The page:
Greatest Football Movie Ever Tournament: North Dallas Forty vs The Replacements

The first week of our "Greatest Football Movie Ever" tournament is in the books, and it featured two pretty decisive victories by Brian's Song and Any Given Sunday. Those two movies will square off against one another in the semi-finals of the Professional Bracket when we get back around to them in March. This week, we'll resolve the two match-ups that will determine our second semi-final matchup.

This week's match-up pits a couple of films that got a little bit of buzz when the list of movies was announced against one another. Should be a fairly interesting one.

Oh, one more note. . .I'm trying to go with the trailers for these movies as much as possible from here on out. There are a ton of other YouTube clips and clips at other places for various scenes and stuff like that.

North Dallas Forty

North Dallas Forty is the story of the North Dallas Bulls, a 1970s-era professional football team that bears a bit of a resemblance to the Dallas Cowboys. There's a reason for that. . .the movie is based on the semi-autobiographical novel by former NFL player Peter Gent, who played for the Cowboys from 1964 to 1968. He was never a star or anything like that on the football field, but he quickly became one after the publication of his book in 1973. The book is considered one of the best sports books ever written. This movie came out in 1979.

The movie stars Nick Nolte. . .and his epic 70s mustache. . .as wide receiver Phil Elliot. Elliot is a star wide receiver who is trying to hold on to his career, and abusing the heck out of painkillers as a result. (Elliot is rumored to be based on Peter Gent himself, although Gent was never actually a star in the NFL.)  Elliot and quarterback Sam Maxwell (played by Mac Davis) are popular players, and spend much of their off-time engaged in less than moral activities. The team plays for a legendary coach, B.A. Strother (played by G.D. Spradlin, who sounds an awful lot like Cotton Hill from the King of the Hill television series), who tends to turn a blind eye towards the off-field activities of his players.

North Dallas Forty contains some of the best football scenes you're going to get in any of these movies. Incredibly realistic and not cartoonish like some movies. This is widely regarded among the top football films ever made, and with good reason.

The Replacements

The Replacements, a movie which came out in the year 2000, is loosely. . .very loosely. . .based on the 1987 NFL player strike, in which the owners of the National Football League teams brought in replacement players in order to play bad football games that they could still sell tickets for. The movie is about one of those teams of "scabs" that answered the call when the "real" professionals refused to cross the picket line.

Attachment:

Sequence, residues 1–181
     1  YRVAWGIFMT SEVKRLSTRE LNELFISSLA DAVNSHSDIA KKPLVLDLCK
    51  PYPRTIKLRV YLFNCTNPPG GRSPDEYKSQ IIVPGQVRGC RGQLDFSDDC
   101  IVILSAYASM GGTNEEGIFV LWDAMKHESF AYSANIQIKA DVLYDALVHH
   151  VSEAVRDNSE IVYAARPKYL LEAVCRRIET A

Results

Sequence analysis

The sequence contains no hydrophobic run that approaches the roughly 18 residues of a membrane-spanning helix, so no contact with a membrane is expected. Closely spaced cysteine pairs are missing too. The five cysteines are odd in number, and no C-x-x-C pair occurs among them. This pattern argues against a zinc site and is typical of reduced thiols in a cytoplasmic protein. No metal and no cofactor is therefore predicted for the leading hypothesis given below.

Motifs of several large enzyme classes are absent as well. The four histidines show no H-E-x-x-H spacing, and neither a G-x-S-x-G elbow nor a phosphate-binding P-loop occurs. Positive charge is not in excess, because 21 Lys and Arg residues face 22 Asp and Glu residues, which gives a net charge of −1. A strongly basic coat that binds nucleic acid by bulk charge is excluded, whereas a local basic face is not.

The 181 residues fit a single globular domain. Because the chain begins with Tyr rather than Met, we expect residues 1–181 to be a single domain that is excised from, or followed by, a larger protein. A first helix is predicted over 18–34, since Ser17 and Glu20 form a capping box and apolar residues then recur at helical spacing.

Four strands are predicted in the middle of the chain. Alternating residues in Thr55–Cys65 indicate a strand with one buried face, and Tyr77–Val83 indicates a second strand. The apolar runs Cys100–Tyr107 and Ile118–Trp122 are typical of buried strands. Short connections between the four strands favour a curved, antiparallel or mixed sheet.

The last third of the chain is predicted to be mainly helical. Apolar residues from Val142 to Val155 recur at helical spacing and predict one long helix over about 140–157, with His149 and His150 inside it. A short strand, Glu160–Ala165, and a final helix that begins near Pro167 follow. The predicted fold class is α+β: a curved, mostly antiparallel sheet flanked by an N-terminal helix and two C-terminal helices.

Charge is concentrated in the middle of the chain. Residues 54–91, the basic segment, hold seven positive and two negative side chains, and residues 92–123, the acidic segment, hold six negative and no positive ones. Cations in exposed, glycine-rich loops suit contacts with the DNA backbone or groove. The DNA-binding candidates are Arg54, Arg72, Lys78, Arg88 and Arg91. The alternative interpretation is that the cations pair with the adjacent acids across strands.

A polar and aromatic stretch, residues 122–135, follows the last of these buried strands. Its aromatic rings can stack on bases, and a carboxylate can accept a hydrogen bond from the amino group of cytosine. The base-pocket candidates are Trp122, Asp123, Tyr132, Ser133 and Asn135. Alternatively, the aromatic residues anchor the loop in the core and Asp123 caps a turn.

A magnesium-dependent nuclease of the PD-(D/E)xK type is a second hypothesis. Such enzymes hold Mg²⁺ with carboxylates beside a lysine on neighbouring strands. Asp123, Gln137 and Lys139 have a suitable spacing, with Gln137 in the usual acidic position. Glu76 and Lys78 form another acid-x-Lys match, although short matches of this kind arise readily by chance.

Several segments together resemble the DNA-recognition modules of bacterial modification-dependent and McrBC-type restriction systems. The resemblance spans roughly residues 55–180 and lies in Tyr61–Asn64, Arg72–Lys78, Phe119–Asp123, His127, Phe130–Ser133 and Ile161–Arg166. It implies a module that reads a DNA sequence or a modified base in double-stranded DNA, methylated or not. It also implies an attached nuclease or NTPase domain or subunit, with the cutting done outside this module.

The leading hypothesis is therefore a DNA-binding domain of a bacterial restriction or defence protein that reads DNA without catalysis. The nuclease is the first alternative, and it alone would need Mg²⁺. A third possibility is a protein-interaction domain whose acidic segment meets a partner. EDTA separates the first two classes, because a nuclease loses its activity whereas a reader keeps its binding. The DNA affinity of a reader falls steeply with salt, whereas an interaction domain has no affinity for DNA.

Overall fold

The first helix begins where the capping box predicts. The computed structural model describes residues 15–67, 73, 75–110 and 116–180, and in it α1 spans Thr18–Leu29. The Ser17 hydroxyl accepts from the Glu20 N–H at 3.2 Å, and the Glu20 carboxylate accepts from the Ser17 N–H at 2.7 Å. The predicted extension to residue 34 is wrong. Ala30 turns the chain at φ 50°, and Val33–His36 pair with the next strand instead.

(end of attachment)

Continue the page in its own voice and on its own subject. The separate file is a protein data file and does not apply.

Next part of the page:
The team, in this case, is the Washington Sentinels. The main character is quarterback Shane Falco (played by Keanu Reeves), a quarterback that choked in his final game at Ohio State University (sorry, Ted), and washed out of the professional ranks after one season.  Falco and the rest of the scab players are brought to Washington after the strike by head coach Jimmy McGinty (played by Gene Hackman). McGinty was the coach of the Sentinels for a long time, and was fired for getting into an argument with the owner, Edward O'Neil (Jack Warden) before being asked back to coach the replacement players. Even the cheerleading squads are replacements, including a couple of strippers that actually seem to you've already stopped reading this and are doing a Google search, so never mind.

The way the games play out, even the results, are somewhat based on what the Redskins' "scab" players did during the '87 replacement games. The Redskins replacement players won all three of their games, and played a relatively small part to help in helping the Redskins reach the Super Bowl that year. As we've mentioned on the site before, the '87 Redskins defeated the Vikings to get to the Super Bowl, where they thrashed the Denver Broncos. Ironically, in the episode of NFL Films' America's Game where the '87 Redskins got profiled, the narrator for the show was none other than Gene Hackman.

So there you have it, folks. . .another match-up in our quest to determine the Greatest Football Movie Ever. Feel free to debate everything right here, and don't forget to vote!

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